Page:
Since all this is undeniable: since the choice of the mind is to be made between impossibilities of conception: since one impossibility cannot be greater than another: and since, thus, one cannot be preferred to another: the philosophers who not only maintain, on the grounds mentioned, man’s idea of infinity but, on account of such supposititious idea, infinity itself—are plainly engaged in demonstrating one impossible thing to be possible by showing how it is that some one other thing—is impossible too. This, it will be said, is nonsense; and perhaps it is:—indeed I think it very capital nonsense—but forego all claim to it as nonsense of mine.
The readiest mode, however, of displaying the fallacy of the philosophical argument on this question, is by simply adverting to a fact respecting it which has been hitherto quite overlooked—the fact that the argument alluded to both proves and disproves its own proposition. “The mind is impelled,” say the theologians and others, “to admit a First Cause, by the superior difficulty it experiences in conceiving cause beyond cause without end.” The quibble, as before, lies in the word “difficulty”—but here what is it employed to sustain? A First Cause. And what is a First Cause? An ultimate termination of causes. And what is an ultimate termination of causes? Finity—the Finite. Thus the one quibble, in two processes, by God knows how many philosophers, is made to support now Finity and now Infinity—could it not be brought to support something besides? As for the quibblers—they, at least, are insupportable. But—to dismiss them:—what they prove in the one case is the identical nothing which they demonstrate in the other.
Of course, no one will suppose that I here contend for the absolute impossibility of that which we attempt to convey in the word “Infinity.” My purpose is but to show the folly of endeavoring to prove Infinity itself or even our conception of it, by any such blundering ratiocination as that which is ordinarily employed.
Nevertheless, as an individual, I may be permitted to say that I cannot conceive Infinity, and am convinced that no human being can. A mind not thoroughly self-conscious—not accustomed to the introspective analysis of its own operations—will, it is true, often deceive itself by supposing that it has entertained the conception of which we speak. In the effort to entertain it, we proceed step beyond step—we fancy point still beyond point; and so long as we continue the effort, it may be said, in fact, that we are tending to the formation of the idea designed; while the strength of the impression that we actually form or have formed it, is in the ratio of the period during which we keep up the mental endeavor. But it is in the act of discontinuing the endeavor—of fulfilling (as we think) the idea—of putting the finishing stroke (as we suppose) to the conception—that we overthrow at once the whole fabric of our fancy by resting upon some one ultimate and therefore definite point. This fact, however, we fail to perceive, on account of the absolute coincidence, in time, between the settling down upon the ultimate point and the act of cessation in thinking.—In attempting, on the other hand, to frame the idea of a limited space, we merely converse the processes which involve the impossibility.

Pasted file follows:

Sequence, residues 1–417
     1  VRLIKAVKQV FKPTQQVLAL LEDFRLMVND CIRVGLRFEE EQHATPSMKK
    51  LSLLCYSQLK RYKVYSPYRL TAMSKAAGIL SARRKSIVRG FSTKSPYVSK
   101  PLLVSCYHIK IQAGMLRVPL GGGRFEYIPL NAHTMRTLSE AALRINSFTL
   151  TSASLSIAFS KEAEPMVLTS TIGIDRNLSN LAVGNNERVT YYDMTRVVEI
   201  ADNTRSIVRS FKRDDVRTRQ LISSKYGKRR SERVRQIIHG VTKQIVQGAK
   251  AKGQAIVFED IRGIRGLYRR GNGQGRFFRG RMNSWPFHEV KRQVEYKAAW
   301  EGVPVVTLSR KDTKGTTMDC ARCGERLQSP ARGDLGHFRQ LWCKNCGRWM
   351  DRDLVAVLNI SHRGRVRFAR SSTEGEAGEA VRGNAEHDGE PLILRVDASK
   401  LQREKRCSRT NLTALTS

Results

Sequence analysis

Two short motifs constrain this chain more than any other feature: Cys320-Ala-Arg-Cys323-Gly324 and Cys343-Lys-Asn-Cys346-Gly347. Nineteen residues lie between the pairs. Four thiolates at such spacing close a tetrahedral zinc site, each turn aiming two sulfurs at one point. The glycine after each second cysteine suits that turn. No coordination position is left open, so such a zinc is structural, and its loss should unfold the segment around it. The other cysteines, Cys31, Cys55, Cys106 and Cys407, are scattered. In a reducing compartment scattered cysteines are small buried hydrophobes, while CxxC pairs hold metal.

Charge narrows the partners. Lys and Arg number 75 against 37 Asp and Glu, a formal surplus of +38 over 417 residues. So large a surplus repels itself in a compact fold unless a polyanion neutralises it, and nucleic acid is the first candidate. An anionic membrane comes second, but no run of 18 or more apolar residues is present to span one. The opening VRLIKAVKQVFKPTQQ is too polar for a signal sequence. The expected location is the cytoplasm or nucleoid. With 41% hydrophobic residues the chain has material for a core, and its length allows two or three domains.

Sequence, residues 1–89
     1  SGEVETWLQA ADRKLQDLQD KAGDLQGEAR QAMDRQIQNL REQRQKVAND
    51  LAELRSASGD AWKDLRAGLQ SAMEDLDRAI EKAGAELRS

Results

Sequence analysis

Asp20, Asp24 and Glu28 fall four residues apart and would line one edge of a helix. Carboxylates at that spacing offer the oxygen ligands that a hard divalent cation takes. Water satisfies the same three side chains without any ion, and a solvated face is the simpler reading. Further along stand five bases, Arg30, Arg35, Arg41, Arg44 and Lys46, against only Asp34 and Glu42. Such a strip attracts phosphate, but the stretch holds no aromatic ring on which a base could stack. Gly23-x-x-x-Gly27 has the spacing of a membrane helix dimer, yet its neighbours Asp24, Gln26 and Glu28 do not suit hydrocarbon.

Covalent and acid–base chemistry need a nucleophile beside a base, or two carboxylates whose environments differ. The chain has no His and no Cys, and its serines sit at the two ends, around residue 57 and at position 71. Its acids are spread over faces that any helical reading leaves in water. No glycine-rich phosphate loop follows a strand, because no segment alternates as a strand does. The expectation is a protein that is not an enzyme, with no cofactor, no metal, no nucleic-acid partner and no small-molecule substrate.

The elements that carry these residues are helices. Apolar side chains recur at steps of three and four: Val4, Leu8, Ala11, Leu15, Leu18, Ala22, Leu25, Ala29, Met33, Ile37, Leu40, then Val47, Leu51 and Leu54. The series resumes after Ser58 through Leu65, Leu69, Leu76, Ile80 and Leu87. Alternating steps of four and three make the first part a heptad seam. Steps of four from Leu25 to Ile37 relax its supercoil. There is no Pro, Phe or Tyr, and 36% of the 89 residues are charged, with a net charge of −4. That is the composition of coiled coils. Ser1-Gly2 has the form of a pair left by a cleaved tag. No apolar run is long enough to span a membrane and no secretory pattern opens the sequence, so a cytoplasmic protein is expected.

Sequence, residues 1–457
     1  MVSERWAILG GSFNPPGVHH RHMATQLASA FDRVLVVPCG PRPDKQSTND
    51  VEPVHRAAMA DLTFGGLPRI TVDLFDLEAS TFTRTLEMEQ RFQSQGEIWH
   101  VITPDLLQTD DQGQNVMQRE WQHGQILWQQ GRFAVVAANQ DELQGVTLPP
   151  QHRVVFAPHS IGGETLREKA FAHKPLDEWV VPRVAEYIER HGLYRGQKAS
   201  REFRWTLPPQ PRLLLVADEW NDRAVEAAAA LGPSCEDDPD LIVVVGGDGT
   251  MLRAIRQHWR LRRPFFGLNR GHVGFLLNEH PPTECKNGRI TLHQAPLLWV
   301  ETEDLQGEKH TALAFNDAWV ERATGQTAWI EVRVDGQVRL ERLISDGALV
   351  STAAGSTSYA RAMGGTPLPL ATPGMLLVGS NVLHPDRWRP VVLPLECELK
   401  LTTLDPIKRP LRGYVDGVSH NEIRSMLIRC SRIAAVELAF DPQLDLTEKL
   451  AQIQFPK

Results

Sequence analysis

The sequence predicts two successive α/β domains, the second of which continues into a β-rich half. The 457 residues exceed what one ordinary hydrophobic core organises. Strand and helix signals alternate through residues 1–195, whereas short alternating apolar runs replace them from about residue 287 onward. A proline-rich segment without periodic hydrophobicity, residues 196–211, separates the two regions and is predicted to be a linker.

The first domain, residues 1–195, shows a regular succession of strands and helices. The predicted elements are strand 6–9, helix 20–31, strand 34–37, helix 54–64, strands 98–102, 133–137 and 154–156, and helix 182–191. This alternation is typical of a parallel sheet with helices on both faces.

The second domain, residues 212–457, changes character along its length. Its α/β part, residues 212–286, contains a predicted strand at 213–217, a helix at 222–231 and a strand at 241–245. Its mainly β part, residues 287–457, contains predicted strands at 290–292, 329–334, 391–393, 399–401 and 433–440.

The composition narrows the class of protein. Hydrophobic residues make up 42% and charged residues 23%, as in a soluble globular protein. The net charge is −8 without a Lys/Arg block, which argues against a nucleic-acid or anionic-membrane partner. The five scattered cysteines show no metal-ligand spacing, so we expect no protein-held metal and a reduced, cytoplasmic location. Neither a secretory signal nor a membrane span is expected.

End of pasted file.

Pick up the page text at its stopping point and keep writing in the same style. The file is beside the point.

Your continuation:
We believe in a God. We may or may not believe in finite or in infinite space; but our belief, in such cases, is more properly designated as faith, and is a matter quite distinct from that belief proper—from that intellectual belief—which presupposes the mental conception.
The fact is, that, upon the enunciation of any one of that class of terms to which “Infinity” belongs—the class representing thoughts of thought—he who has a right to say that he thinks at all, feels himself called upon, not to entertain a conception, but simply to direct his mental vision toward some given point, in the intellectual firmament, where lies a nebula never to be resolved. To solve it, indeed, he makes no effort; for with a rapid instinct he comprehends, not only the impossibility, but, as regards all human purposes, the inessentiality, of its solution. He perceives that the Deity has not designed it to be solved. He sees, at once, that it lies out of the brain of man, and even how, if not exactly why, it lies out of it. There are people, I am aware, who, busying themselves in attempts at the unattainable, acquire very easily, by dint of the jargon they emit, among those thinkers-that-they-think with whom darkness and depth are synonymous, a kind of cuttle-fish reputation for profundity; but the finest quality of Thought is its self-cognizance; and, with some little equivocation, it may be said that no fog of the mind can well be greater than that which, extending to the very boundaries of the mental domain, shuts out even these boundaries themselves from comprehension.